Marquise Eppinger

Behind The Lens: Marquise Eppinger

Atlanta, Georgia is a creative bubble for young Black entrepreneurs alike, including artists, designers, and photographers with massive potential. One in particular, Marquise Eppinger, is an outstanding editorial photographer trailblazing his own path within the city. Born and raised in Decatur, the world of film was introduced to him in high school. From there, Marquise has developed his sense of style and shared innovative portraits that capture creative moments across Black culture.

“There’s so much more to show for us, there are so many realms and aesthetics that you can give in a camera. I feel like a lot of people give Atlanta this rep of what it looks like and I want to break that viewpoint,” he shares. “I want to give people who want an editorial esque, a deeper look into that.” Marquise Eppinger is also the owner of The Experience Studios, a private photography studio based in Atlanta.

For our latest Behind The Lens interview, Marquise Eppinger chats with us about his introduction to photography, highlights in his career, and much more! Read below.

Tell me about your introduction to photography, was it your first pick for a career choice?

My first career choice was audio engineering or choreography. I love music and when I was coming up, I loved to dance so I was already in that creative field. Basketball was my bread and butter in high school, and I tore my ACL during our senior, but I found my way into film and video. It took over my whole life and at that point, I felt like that was my calling. Photography didn’t come until I got back from Arizona State, and when I came back to Atlanta I got an internship where I learned for a while.

I really like the “Chocolate Sundae” shoot you did back in July, what was the creative direction behind that?

Me and my makeup artist, John had been seeing the model for a while. He really wanted to shoot her so I wanted to take the film aesthetic and add my own style to it. We were going to do a motel at first but I couldn’t find any in Atlanta; we ended up going with this trailer on PeerSpace. I wanted to give the photos this old-time feel but with a modern twist to it. From there, it just kind of worked out creatively and used the shadows to my advantage. It took a life of its own when I saw the pictures.

Through the lens of many Black creatives, we witness the beauty and power of our skin although it can often go unrecognized. What drives you as a photographer to capture and create moments in Black culture?

Just seeing how photography and culture can change someone. There’s so much more to show for us, there are so many realms and aesthetics that you can give in a camera. I feel like a lot of people give Atlanta this rep of what it looks like and I want to break that viewpoint. I want to give people who want an editorial esque, a deeper look into that. I think for me as a Black creative, giving others another perspective and being in tune with yourself. A lot of times as photographers, we feel like we have to change up to fit someone else’s viewpoint.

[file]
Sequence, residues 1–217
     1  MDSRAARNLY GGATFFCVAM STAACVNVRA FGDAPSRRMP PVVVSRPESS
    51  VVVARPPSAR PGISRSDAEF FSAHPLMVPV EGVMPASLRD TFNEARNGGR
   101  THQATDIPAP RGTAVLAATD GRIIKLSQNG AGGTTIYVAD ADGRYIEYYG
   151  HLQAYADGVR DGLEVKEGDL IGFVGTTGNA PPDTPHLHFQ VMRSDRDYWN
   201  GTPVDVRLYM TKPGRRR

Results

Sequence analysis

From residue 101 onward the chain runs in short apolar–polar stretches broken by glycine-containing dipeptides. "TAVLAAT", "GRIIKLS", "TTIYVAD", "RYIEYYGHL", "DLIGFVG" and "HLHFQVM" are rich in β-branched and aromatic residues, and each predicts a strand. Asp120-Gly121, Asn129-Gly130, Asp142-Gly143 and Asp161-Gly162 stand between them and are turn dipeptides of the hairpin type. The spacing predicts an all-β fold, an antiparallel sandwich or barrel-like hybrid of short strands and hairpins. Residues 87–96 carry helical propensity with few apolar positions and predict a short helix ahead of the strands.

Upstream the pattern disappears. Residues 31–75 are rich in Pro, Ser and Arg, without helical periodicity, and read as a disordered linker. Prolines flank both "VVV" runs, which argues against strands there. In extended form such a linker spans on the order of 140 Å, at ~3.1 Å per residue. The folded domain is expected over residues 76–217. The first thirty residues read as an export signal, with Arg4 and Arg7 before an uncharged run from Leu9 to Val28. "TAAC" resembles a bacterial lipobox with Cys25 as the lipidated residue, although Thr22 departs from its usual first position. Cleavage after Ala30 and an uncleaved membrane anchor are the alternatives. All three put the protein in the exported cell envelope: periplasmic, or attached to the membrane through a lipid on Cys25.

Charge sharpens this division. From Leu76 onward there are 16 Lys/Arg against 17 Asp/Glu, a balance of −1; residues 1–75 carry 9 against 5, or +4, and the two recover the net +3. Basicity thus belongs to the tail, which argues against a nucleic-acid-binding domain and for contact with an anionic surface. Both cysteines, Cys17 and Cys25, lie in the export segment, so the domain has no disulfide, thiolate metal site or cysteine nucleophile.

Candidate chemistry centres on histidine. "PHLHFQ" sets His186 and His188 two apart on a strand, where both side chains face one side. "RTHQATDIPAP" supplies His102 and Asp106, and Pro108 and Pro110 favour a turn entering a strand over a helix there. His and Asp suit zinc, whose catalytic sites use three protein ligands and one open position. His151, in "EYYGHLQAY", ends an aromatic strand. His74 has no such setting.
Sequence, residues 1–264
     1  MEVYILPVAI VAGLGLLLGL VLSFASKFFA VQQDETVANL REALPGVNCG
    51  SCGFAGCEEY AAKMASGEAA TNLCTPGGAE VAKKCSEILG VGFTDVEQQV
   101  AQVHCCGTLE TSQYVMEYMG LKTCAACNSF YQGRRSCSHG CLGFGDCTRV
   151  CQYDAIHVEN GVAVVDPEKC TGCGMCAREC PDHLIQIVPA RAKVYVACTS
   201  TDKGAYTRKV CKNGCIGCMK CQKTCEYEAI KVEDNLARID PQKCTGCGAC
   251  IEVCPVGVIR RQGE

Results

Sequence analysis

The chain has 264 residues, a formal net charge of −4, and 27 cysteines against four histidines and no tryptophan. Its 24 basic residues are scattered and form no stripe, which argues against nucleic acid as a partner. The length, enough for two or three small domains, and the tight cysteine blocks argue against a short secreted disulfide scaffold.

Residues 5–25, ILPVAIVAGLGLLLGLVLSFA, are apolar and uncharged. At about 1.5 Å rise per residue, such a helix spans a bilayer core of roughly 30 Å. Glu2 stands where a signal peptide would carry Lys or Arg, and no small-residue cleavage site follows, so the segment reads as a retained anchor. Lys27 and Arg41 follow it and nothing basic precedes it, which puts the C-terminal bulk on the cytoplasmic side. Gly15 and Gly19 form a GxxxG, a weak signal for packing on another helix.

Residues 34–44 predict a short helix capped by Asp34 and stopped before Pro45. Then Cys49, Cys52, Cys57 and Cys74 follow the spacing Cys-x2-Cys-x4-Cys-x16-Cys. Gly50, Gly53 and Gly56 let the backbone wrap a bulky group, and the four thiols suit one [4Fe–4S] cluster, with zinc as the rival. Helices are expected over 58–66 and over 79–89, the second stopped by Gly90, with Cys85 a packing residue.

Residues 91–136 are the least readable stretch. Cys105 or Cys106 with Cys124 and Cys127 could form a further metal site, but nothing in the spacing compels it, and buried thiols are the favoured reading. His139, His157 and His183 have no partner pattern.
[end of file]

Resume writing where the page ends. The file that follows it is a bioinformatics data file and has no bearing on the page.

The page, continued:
I know in the Atlanta area, Cam Kirk is a trailblazer for photographers alike—did or do you have any inspirations in regards to your field of work?

I went to the studio for a class when I was first started, and that was my first time understanding the photography studios in Atlanta. Sometimes it would be overwhelming going in places like that because you got all these people watching, especially for me as a starting photographer. As far as our studio, Cam Kirk Studios trailblazed the path we had took. Especially seeing the way they market themselves and how Cam has become this entity bigger than photography. I think that has impacted us because now there are probably like four or five Black-owned studios.

The “Not Available” shoot was also another one that caught my eye, tell me about how you use lighting and colors to bring emotion to your work.

That’s a good one! I think for me, the biggest thing is true to color. I try to keep my images as true and natural as when I saw it but I also want to give it my vibe to set them apart. A lot of people think I’m a film photographer, but I do have a certain film aesthetic that I love. Taking certain details from movies like lighting and where they place the characters helps my work. I think at this point, I want the colors to be realistic especially since I want a lot of my work to be printed.

If you could choose one musician or celebrity to be your muse, who would it be and why?

It would probably be Grace Jones, she would be one of my top ones. Naomi Campbell, she’s so amazing. Winnie Harlow would be one my top ones, I don’t know how she is but she has some amazing content. There’s not a lot of celebrities that catch my attention, but definitely Rihanna. Model-wise, Bella Hadid would be really cool.

If you enjoyed our interview with Marquise Eppinger, check out our interview with Nico Kartel!

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